In the spring of 308 Maximian Herculius had a falling out with his son, Maxentius, and left to join his now son-in-law, Constantine, in Gaul. In the autumn of 308 Galerius Maximian organized and convened a conference at Carnuntum consisting of himself, Diocletian and Maximian Herculius to discuss and resolve the "Augusti problem". Galerius Maximian did not recognize either Constantine or Maxentius as Augustus, proposing instead that his old friend and comrade, Flavius Valerius Licinianus Licinius (Licinius) be appointed Augustus of the West to replace the deceased Severus and he obtained the concurrence of Diocletian and Maximian Herculius in this maneuver. Maxentius was declared an enemy of the state by the conferees and Maximian Herculius once more went into retirement. Galerius Maximian proposed that Constantine be recognized as Caesar, although Constantine did not acquiesce.

    Constantine was incensed at his proposed "demotion" to Caesar subservient to Licinius as was Maximinus at the elevation of Licinius to Augustus, and so Galerius Maximian designated both of them Filius Augustorum: "son of the Augustus" -- a somewhat empty title of convenience and compromise -- in an attempt to mollify them.

    There now followed a struggle between the Imperial Claimants: Maximian Herculius, who had again emerged from retirement as a self-proclaimed Augustus, and evidently with intentions to usurp Constantine, was defeated in battle by Constantine in 309 and commited suicide in 310. Maximinus was proclaimed Augustus by the troops of his army in the same year. Maximinus and Maxentius formed a Military Compact early in 312 but Maxentius was defeated and killed by the forces of Constantine during a famous battle at Milvian bridge outside Rome later that year. The forces of Maximinus were defeated by those of Licinius in 313, Maximinus committing suicide later that year. Constantine and Licinius were subsquently proclaimed co-Augusti, bringing down the curtain on this Historical Period.

    The following coin depicts Maximinus after assuming the title of Augustus in 310.

    RIC VI, Londinium, Maximinus, No. 209b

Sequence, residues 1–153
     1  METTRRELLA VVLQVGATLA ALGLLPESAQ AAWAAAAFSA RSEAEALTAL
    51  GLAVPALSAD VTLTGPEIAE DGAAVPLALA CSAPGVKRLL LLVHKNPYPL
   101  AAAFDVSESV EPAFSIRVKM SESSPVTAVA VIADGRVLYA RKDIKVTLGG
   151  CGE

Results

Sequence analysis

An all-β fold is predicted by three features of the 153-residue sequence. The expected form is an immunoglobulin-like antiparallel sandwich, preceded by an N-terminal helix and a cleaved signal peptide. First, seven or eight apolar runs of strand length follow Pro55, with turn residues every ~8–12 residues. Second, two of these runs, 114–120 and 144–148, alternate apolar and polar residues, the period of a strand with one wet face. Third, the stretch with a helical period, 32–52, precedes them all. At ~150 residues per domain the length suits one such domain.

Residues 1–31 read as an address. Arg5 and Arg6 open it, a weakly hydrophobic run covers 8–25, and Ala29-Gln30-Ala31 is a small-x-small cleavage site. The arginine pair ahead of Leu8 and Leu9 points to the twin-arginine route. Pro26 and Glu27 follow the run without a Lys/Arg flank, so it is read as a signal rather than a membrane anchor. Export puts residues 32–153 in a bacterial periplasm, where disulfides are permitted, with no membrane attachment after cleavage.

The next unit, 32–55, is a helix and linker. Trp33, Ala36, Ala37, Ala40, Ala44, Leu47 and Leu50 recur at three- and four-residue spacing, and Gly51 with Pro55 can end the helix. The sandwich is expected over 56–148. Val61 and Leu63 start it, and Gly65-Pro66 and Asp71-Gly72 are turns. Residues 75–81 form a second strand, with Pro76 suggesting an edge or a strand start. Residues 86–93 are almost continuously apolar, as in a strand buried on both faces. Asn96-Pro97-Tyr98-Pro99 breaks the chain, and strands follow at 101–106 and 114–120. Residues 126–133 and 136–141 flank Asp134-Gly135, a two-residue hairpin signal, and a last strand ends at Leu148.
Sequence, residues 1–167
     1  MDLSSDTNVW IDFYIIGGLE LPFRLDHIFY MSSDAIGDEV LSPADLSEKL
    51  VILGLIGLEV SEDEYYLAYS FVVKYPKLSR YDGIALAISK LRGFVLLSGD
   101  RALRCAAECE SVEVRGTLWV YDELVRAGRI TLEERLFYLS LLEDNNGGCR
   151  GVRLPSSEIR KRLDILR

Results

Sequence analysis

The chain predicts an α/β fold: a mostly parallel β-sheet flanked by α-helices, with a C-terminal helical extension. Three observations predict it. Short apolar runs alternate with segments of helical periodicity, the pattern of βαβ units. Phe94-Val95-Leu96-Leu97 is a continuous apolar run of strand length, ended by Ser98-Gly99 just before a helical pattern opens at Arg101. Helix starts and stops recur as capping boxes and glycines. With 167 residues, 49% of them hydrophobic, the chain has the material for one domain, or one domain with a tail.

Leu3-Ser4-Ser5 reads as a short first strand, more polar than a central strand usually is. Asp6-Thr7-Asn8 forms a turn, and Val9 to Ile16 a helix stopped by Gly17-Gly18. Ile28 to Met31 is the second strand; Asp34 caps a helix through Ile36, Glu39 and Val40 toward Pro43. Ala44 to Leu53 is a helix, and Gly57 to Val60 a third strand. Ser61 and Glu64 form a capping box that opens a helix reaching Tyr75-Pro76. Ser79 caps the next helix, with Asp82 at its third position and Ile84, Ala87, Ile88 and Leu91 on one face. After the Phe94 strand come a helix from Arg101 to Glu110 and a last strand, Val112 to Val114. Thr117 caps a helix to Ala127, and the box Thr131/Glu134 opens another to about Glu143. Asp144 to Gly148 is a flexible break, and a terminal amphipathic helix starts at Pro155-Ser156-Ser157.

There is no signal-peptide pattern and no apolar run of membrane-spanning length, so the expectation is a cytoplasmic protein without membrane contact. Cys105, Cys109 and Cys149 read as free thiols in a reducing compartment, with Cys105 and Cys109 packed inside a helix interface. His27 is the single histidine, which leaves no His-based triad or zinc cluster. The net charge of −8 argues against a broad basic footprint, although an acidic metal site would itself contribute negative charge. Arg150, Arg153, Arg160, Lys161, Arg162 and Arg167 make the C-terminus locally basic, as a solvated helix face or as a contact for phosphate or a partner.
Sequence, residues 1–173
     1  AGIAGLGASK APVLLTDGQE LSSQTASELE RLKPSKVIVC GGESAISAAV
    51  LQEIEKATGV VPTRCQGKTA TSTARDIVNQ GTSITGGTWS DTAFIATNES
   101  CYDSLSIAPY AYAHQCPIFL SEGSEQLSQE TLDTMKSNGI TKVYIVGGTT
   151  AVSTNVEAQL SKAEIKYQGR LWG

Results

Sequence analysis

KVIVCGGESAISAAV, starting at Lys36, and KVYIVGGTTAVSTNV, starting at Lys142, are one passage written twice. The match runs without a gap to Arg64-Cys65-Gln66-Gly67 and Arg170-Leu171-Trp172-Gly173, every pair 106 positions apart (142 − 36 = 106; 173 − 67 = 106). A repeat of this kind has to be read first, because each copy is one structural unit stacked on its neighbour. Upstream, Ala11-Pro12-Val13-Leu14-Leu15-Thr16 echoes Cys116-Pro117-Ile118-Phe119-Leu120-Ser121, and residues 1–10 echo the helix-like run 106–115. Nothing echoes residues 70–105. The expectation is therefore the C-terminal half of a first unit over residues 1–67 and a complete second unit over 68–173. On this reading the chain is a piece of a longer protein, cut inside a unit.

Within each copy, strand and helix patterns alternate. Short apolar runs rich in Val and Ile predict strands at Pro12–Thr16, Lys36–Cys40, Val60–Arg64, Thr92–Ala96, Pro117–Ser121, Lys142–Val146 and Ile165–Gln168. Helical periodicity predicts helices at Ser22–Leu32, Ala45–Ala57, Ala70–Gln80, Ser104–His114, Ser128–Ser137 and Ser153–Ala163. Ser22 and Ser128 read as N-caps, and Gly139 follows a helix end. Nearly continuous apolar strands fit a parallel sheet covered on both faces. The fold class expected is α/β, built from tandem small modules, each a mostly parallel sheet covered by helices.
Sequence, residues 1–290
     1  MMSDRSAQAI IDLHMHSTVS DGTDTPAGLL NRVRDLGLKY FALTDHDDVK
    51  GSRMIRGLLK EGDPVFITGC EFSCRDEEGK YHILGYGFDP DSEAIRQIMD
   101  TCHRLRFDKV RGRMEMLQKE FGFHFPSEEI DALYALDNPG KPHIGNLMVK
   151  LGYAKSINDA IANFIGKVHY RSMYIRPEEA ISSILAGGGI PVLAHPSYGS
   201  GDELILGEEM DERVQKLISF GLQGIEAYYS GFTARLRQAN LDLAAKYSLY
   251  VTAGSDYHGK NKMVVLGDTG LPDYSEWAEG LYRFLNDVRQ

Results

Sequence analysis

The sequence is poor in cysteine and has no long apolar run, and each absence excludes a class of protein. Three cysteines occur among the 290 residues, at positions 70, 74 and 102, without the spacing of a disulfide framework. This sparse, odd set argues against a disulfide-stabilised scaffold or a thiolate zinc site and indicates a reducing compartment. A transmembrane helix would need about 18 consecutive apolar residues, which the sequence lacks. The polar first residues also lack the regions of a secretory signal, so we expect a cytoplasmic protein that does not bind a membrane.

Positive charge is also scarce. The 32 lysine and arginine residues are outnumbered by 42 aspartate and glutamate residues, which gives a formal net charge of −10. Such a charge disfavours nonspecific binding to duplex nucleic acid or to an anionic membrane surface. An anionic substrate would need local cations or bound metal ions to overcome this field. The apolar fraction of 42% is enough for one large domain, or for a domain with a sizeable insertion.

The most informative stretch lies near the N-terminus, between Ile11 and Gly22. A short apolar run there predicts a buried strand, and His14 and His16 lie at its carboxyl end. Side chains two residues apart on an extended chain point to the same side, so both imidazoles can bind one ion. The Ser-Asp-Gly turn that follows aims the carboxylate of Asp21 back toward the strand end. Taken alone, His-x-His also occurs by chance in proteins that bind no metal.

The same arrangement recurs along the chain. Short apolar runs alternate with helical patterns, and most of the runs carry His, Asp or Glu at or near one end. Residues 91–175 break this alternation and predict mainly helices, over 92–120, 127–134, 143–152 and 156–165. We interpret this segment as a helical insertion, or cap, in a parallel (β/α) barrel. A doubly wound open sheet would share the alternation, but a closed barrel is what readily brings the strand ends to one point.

[​IMG] [​IMG]
    IMP MAXIMINVS PF AVG
    GENIO POP ROM
    PLN


    The following coin depicts Constantine after adopting SOL, the invincible Sun God, as his protector in 310.

    RIC VI, Londinium, Constantine, No. 234
    [​IMG] [​IMG]
    CONSTANTINVS PF AVG
    SOLI INVICTO COMITI
    PLN


    RIC VI, Londinium, Licinius, No. 209c
    [​IMG] [​IMG]
    IMP LICINVS PF AVG
    GENIO POP ROM
    PLN


    Chronology of Events:

    308 AD
    * Maximian Herculius quarrels with his son, Maxentius, early in the year.
    * Maximian Herculius flees to Gaul to join his son-in-law, Constantine.
    * Conference of Carnuntum consisting of Galerius Maximian, Diocletian and Maximian Herculius is convened.
    * Galerius Maximian proposes his friend, Flavius Valerius Licinianus Licinius (Licinius), be designated Augustus.
    * Licinius is appointed Augustus of the West with concurrence of Diocletian and Maximian Herculius.
    * Maximian Herculius goes into retirement yet again.
    * Maxentius is declared to be an enemy of the State.

    309 AD
    * Constantine and Maximinus are appointed Filius Augustorum by Galerius Maximian.
    * Maximian Herculius again emerges as a self-proclaimed Augustus.
    * Maximian Herculius is defeated by Constantine in battle and deposed.

    310 AD
    * Maximian Herculius, accused of plotting against Constantine, commits suicide.
    * Maximinus is proclaimed Augustus by the troops of his army.
    * Galerius Maximian now recognizes Maximinus and Constantine as Augusti.
    * PLN Exergue Mint mark is now accompanied by letters/symbols in field
    * Constantine adopts the Sun God Sol as his protector on 25 July.
    * Introduction of Constantinian coins with SOLI INVICTO COMITI reverses.
    * Folles weight range is now 5 to 4 grams which prevails until early 313.

    311 AD
    * Galerius Maximian dies on 5 May after a lengthy illness.

    312 AD
    * Maximinus and Maxentius enter into a Military Compact.
    * Maxentius is killed in battle with Constantine at Milvian bridge outside Rome on 28 October.